Iran's Sejjil 2 medium range ballistic missile (above) has a range of 2,000 km, or just over 1,200 miles.
Iran has been misleading the world for decades about its nuclear program. And at various junctions, it has even revealed part of what it is up to. This has led to a great deal of knowledge ostensibly about its enrichment program as well as other elements of Iran's nuclear program.
However, assertions that it continues to lie and obfuscate reveal a deeper problem. Most nuclear programs are clandestine, but Iran has always actively used its program to wring concessions from the West. As such, its nuclear program is not a pure one, like the Manhattan Project in the 1940s or the Pakistan and India nuclear arms race.
What Iran's program reveals, particularly the way it is shoehorned into a Clausewitz-like war-politics-policy mold, means that the program is not in itself an end to a means. The Islamic Republic may not want to build or test a bomb – yet. It may not have a way to test it yet either. And it may not have a way to put it on a missile yet. Yet it continues to enrich and stockpile uranium.
Israel has recently accused Iran of lying to the world regarding its banned nuclear activity. The BBC noted that Israel's prime minister made these accusations "ahead of a meeting next week where International Atomic Energy Agency (IAEA) chief Rafael Grossi is due to present a report on its probe into unexplained nuclear material found at three undeclared sites in Iran."
The report also noted that "Western countries suspect Iran might be seeking to build nuclear weapons in violation of conventions – something Iran strongly denies. Israel considers Iran, which does not recognize Israel's right to exist and calls for its elimination, a major threat to both Israel and the wider world."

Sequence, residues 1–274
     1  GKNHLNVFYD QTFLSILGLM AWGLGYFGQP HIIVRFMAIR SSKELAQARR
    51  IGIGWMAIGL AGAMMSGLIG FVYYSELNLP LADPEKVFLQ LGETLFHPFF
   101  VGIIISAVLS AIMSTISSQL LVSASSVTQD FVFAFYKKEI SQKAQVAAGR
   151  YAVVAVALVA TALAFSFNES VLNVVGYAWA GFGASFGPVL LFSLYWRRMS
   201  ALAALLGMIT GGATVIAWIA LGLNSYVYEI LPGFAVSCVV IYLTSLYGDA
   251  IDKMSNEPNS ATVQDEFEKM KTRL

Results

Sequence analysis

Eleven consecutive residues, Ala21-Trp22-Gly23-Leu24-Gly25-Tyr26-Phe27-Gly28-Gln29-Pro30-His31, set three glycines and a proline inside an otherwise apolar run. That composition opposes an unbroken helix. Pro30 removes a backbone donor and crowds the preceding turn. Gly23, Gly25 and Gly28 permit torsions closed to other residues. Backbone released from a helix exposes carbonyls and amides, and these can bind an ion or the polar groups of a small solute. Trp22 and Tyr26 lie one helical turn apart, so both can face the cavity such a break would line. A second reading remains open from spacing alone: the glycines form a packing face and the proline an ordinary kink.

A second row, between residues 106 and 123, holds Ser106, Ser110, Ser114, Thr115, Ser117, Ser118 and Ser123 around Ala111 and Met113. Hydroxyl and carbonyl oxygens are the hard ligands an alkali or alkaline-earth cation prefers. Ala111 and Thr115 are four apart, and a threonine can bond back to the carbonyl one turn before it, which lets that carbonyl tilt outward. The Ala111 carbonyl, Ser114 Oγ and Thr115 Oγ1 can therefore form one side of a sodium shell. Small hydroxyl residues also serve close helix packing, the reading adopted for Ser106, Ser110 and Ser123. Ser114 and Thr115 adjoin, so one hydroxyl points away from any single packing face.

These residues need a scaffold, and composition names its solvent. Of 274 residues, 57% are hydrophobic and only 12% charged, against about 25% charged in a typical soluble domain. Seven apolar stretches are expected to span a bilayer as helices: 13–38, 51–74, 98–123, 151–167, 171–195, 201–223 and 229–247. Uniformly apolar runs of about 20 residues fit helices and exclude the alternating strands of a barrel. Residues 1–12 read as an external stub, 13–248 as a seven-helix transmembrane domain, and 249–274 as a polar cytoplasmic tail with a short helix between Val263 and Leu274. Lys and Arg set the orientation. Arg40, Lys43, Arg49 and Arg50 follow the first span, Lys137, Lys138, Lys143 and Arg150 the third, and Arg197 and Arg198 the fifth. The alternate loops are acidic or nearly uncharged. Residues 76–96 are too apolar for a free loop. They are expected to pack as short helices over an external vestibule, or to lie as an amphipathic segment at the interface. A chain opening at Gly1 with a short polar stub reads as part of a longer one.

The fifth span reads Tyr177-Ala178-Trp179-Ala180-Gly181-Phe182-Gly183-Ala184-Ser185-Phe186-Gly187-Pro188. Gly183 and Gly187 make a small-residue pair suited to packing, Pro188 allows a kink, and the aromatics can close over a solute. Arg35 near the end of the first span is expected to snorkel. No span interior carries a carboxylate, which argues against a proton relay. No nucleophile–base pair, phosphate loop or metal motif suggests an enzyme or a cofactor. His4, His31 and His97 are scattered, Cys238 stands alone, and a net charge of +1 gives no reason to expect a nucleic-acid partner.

Why is this important?
Iran is indeed misleading the world. It is not only purposely enriching uranium and installing advanced centrifuges; it does some of this openly to wring potential concessions – and it is also doing things in secret. The precise amount of secrecy as compared to what Tehran wants to show the world is key to how its engineers cover up its program. This means that there is also a conflict that plays out between Israel, which is seeking to warn others about the program, and Iran, which hopes the world doesn't notice what it is up to.
And now there is a third factor. Russia's invasion of Ukraine has illustrated how a nuclear-armed country may take more risks, knowing that Western democracies don't want to risk nuclear conflict. Iran understands the deterrent factor of having a bomb. Once it gets closer to the device, it can take more risks.
The Islamic Republic already feels impunity in the region. It has launched attempted drone attacks on Israel, and its proxies in Iraq attack US and Turkish forces. It has seized Greek ships in the Persian Gulf, mined ships in the Gulf of Oman and sends weapons to Yemen, Lebanon and other places. An Iran that gets closer to having more enriched uranium can use this to blackmail the region. That is why the Ukraine crisis could aid Iran.
Furthermore, voices linked to the pro-Iran lobby in the US have now shifted to writing commentary about Russia. They urge America not to escalate against Russia and claim that the West must have "realist" goals in forcing Ukraine to concede to Moscow. This is how they also want the Middle East to deal with Iran.
As such, the pro-Iran lobby, now becoming the pro-Russia lobby, is constantly wary of "war" and especially a conflict with "nuclear-armed Russia." Iran is operationalizing this lobby when it wants to threaten "war." Tehran's lies about its nuclear program appear to foreshadow worse to come.
We know that historically, nuclear programs are clandestine. Iran's program is more complex, in part designed to make claims to the world that sometimes go beyond its capacity. On the other hand, it also continues to enrich and stockpile uranium, knowing that if it were to test a device, it would likely need to consult in part with its friends in Beijing – as well as Russia, Pakistan and Turkey.
Seth Frantzman is a Ginsburg-Milstein Writing Fellow at the Middle East Forum and senior Middle East correspondent at The Jerusalem Post.